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Ex-China leader Jiang Zemin, who fanned anti-Japan mood, dies at 96

Former Chinese President Jiang Zemin watches the proceedings at the opening session of the 18th Communist Party Congress held at the Great Hall of the People in Beijing, on Nov. 8, 2012. (AP Photo/Ng Han Guan, File)

BEIJING (Kyodo) -- Former Chinese leader Jiang Zemin, who guided China's rapid rise but was known for sowing anti-Japan sentiment among young people through patriotic education, died of leukemia and multiple organ failure on Wednesday in Shanghai, the official Xinhua News Agency said. He was 96.

    Jiang, who was at the helm of the ruling Communist Party chief between 1989 and 2002, oversaw an unprecedented expansion of China's economic and military might, guiding its long march toward major power status.

    But he was known for playing a role in escalating anti-Japan sentiment, especially among young people in China, as he led a nationwide patriotic education program in the 1990s.

    Jiang managed China's 2001 accession to the World Trade Organization and the nation's winning bid, the same year, for the 2008 Summer Olympics in Beijing, which were major milestones in his 13-year tenure at the apex of power.

    During that time, China's economy grew at an average rate of 9 percent annually, with military spending increasing by around 15 percent each year. Jiang also presided over Hong Kong's return to China from Britain in 1997.

    Japanese Prime Minister Fumio Kishida said in a message to Chinese President Xi Jingping and Premier Li Keqiang that he is "deeply saddened," offering "heartfelt condolences" over Jiang's death.

    The former leader visited Japan in 1998 as the first Chinese head of state and had an audience with then Emperor Akihito.

    Jiang said in a speech at a banquet hosted by the emperor that Japan's militarism in modern times brought disaster to the people of China and other Asian countries, and also deeply harmed the people of Japan.

    His death was announced by the Communist Party, legislature, state and military bodies in a letter to the public, which expressed "profound grief" over his passing.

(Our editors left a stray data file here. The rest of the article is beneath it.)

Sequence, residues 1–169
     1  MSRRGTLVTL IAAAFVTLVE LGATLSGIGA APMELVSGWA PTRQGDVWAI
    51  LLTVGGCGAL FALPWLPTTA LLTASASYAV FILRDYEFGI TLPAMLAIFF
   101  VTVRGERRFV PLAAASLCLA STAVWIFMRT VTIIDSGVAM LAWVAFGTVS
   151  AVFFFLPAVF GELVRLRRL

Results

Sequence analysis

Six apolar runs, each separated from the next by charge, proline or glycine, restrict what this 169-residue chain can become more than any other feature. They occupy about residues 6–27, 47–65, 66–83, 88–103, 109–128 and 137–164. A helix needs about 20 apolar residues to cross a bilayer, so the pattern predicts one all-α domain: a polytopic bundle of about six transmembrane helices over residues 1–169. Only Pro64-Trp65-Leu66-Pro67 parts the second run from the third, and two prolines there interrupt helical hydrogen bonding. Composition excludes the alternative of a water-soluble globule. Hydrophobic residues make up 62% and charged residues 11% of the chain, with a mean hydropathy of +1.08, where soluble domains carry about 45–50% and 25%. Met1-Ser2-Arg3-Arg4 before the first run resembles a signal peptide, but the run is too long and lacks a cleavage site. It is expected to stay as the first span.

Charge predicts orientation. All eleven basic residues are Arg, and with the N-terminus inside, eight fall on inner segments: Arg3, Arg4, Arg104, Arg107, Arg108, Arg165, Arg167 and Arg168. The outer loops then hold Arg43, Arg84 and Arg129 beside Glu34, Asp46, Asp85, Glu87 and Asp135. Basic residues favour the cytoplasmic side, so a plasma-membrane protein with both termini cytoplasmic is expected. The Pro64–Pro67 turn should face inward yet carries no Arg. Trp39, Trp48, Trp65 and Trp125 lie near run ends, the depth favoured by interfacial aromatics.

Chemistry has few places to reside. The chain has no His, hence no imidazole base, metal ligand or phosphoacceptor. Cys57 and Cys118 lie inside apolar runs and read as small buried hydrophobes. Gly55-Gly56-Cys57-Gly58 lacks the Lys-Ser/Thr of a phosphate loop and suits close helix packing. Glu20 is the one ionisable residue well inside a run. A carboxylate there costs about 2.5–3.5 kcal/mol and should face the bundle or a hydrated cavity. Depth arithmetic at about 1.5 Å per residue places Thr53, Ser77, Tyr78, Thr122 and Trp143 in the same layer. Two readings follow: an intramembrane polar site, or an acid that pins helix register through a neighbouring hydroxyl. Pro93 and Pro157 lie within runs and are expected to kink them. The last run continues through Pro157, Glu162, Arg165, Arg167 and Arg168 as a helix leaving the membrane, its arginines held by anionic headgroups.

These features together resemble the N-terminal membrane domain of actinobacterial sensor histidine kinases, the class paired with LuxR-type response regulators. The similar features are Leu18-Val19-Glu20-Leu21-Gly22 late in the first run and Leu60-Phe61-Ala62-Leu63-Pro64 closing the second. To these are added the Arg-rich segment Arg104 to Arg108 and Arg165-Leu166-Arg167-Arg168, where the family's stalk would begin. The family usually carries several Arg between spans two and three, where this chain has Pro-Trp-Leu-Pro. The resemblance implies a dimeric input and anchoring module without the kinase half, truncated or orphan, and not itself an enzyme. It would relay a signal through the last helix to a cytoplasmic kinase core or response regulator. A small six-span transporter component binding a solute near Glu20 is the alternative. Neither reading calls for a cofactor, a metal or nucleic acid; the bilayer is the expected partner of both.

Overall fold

The letter called him "an outstanding leader of the great cause of socialism with Chinese characteristics" as well as "a great Marxist, a great proletarian revolutionary, statesman, military strategist and diplomat, a long-tested communist fighter," according to Xinhua.

    The national flag at the Great Hall of the People in Beijing was flown at half-mast. Mourning halls will be set up at Chinese embassies and consulates abroad to receive condolences, the news agency said.

    He was last seen in public in October 2019 when he attended the National Day ceremony to mark the 70th anniversary of Communist rule.

    Jiang was handpicked to lead China by former paramount leader Deng Xiaoping, the mastermind of the nation's economic reform.

    He ascended to the Communist Party's top position following the 1989 Tiananmen Square incident, taking the reins of the Central Military Commission the same year and then the presidency in 1993.

    Initial expectations for Jiang, who was president until 2003, were not high.

    But he quickly established firm control of the country, choosing to focus on political stability as a means of dealing with the chaotic atmosphere that arose during the transition from state planning toward a market-driven economy that had been initiated by Deng.

    He was born in 1926 in Yangzhou in China's eastern Jiangsu Province and came of age during the Japanese occupation.

    After graduating from a Shanghai college in 1947 with a bachelor's degree in electrical engineering, he went to work at an auto manufacturer.

    Jiang later moved into government, steering the nation's electronics industry. That ministerial position led to a higher office in Shanghai, where, as mayor, he developed a power base that would eventually propel him to the country's leadership.

    Jiang's insistence on stability at all costs was perhaps best represented by his aggressive persecution of Falun Gong, a Chinese religious group whose followers were targeted by the state's security apparatus following a massive 1999 protest near the government's headquarters in Beijing.

    Although Jiang ruthlessly cracked down on that group, he moved to embrace another, officially welcoming the nation's business class into the Communist Party through his awkwardly named "Three Represents" policy.

    The change integrated entrepreneurs and merchants, the subjects of decades of Communist vitriol, into the country's political structure, a move that some claim kicked into overdrive already endemic state corruption.

    Jiang relinquished all of his leadership titles in 2005 but retained considerable influence within the ruling party for many years after that. He is said to have vaulted Xi Jinping to the vice presidency of China in 2008. Xi became the Communist Party leader in 2012.

    A picture of Jiang believed to have been taken on his birthday in August this year circulated online before the Communist Party's twice-a-decade congress in October, but he did not attend the key gathering.

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